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“The Fight for $15” VS. “The Faces of 15”

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Conventional wisdom for decades has held that research has been inconclusive on the impact on business  raising the minimum wage has. Advocates of hiking the wage claim it improves the economy by putting more money in workers pockets. Critics argue that rising cost of labor puts people out of work. Recent evidence has favored the critics. A recent Harvard study suggested that for every one dollar increase in the minimum wage restaurants with a Yelp rating of three stars or less have a 14% increased chance of going out of business. The study focused on restaurants in the San Francisco Bay Area. The City of San Francisco has a minimum wage of $13.00 an hour which will increase to $14.00 on July 1 and to $15.00 on July 1, 2018.

Despite this, Wisconsinites will be bused to Chicago Tuesday to protest for a $15.00 an hour minimum wage outside a McDonald’s Corporation shareholders meeting:

Three buses will leave Milwaukee to bring protesters to the “Fight for $15” effort in Chicago. The Fight for $15 was revealed years ago to be little more than a thinly veiled effort to unionize McDonald’s employees. Despite the fact most McDonald’s stores are actually run by franchisees, or local business owners, the SEIU seems to feel it can get $15 an hour and, ultimately, unionization for McDonald’s employees. Workers pinning their financial dreams of the Fight for $15 may want to get familiar with the “Faces of 15.” It’s a website featuring a collection of businesses negatively impacted by an increase in the minimum wage:

Unions and activists say the costs of minimum wage hikes are negligible. But the real faces of $15—and of other dramatic hikes in the minimum wage—are the employers who struggle to offset those costs. As these stories show, their actions often mean fewer opportunities for the employees these laws are meant to help.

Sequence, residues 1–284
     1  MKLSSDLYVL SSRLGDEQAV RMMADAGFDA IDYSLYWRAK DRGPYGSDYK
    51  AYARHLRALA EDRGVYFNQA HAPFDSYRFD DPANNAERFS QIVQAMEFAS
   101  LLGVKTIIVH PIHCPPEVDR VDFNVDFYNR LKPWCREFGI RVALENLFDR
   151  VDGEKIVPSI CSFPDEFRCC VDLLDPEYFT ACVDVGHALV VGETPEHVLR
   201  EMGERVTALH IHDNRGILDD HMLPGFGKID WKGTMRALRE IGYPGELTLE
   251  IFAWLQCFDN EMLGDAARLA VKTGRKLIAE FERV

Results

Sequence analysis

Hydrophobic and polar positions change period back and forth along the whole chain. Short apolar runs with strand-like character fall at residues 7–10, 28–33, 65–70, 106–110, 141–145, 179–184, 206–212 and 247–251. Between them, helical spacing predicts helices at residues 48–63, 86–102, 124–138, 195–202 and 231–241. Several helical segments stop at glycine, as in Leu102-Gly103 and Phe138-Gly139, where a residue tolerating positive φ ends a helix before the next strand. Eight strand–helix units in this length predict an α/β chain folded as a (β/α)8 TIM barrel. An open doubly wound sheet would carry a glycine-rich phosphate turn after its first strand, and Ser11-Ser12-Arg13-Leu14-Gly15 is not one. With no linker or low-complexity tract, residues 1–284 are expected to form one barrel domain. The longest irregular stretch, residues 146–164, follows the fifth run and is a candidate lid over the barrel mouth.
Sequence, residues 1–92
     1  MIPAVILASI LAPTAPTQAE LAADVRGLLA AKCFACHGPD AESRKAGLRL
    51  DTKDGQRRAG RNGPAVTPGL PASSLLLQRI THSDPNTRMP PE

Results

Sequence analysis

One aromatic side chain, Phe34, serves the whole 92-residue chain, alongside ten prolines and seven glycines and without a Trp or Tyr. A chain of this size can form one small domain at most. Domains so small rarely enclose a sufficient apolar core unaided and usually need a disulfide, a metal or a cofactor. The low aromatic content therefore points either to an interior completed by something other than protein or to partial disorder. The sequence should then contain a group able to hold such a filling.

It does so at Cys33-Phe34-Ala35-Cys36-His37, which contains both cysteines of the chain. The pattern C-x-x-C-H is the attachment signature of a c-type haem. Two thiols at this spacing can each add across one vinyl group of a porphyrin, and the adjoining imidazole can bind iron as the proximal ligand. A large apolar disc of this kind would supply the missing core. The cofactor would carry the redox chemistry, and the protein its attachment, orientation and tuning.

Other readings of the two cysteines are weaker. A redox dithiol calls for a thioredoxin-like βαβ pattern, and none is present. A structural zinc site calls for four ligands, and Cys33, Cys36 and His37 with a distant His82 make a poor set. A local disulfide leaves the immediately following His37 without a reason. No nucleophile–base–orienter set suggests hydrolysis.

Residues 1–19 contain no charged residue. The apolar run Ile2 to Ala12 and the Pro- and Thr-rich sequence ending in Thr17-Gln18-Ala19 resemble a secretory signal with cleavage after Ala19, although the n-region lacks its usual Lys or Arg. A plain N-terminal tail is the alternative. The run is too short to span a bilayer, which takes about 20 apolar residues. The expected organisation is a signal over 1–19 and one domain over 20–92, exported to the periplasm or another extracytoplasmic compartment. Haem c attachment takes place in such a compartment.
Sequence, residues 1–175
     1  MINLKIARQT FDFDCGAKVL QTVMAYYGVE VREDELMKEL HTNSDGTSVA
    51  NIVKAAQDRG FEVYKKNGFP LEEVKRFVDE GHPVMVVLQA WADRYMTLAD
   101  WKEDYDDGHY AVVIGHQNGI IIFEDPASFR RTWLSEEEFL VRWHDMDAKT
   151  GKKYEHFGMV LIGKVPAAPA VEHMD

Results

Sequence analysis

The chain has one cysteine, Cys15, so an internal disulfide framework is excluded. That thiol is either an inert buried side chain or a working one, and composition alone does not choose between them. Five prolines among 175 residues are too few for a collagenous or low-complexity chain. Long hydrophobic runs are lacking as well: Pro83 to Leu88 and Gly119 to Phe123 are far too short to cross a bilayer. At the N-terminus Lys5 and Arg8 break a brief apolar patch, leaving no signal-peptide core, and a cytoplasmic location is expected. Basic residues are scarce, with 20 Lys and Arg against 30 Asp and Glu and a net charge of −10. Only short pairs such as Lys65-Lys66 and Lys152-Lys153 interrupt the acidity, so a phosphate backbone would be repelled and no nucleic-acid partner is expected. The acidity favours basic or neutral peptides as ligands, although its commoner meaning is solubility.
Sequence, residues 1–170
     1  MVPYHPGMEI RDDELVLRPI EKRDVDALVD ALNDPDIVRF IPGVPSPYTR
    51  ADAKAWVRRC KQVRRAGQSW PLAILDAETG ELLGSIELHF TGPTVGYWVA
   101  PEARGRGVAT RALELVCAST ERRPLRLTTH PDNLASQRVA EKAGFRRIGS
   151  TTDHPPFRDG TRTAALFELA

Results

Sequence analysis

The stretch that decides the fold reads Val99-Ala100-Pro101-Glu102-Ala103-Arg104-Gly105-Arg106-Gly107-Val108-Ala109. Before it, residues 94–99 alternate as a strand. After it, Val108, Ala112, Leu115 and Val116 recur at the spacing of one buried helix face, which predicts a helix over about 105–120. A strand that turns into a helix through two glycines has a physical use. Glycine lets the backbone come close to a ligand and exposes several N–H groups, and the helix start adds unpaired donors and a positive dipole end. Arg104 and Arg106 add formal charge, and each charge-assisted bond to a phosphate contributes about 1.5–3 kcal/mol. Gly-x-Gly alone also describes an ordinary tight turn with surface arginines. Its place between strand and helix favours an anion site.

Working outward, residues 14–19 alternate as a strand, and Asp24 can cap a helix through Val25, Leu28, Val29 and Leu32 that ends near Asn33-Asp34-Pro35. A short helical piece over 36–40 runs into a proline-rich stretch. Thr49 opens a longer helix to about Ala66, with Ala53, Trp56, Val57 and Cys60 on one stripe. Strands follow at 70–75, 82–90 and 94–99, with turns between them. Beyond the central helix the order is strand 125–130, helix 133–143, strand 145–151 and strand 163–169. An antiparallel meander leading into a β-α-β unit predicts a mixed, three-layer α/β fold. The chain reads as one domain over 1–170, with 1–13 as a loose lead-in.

Those ten  provide just a sampling. There are are dozens more listed from around the United States, totaling thousands of jobs lost. And if McDonald’s franchisees don’t go out of business, the fast food giant already has plans to cut their labor costs. From Forbes, November, 2016:

Earlier this month, McDonald’s announced the nationwide roll-out of touchscreen self-service kiosks. In a video the company released to showcase the new customer experience, it’s striking to see employees who once would have managed a cash register now reduced to monitoring a customer’s choices at an iPad-style kiosk.

It’s not just McDonald’s that has embraced job-replacing technology. Numerous restaurant chains (both quick service and full service) have looked to computer tablets as a solution for rising labor costs that won’t adversely impact the customer’s experience. Eatsa, a fully-automated restaurant concept, now has five locations—all in cities or states that have embraced a $15 minimum wage. And in a scene stolen from The Jetsons, the Starship delivery robot is now navigating the streets of San Francisco with groceries and other consumer goods. The company’s founder pointed to a rising minimum wage as a key factor driving the growth of his automated delivery business.

As minimum wage earning employees board buses for Chicago next week, someone might want to tell them that a short trip on a bus could leave the paying jobs they have far, far behind in the rear view mirror.

 

 

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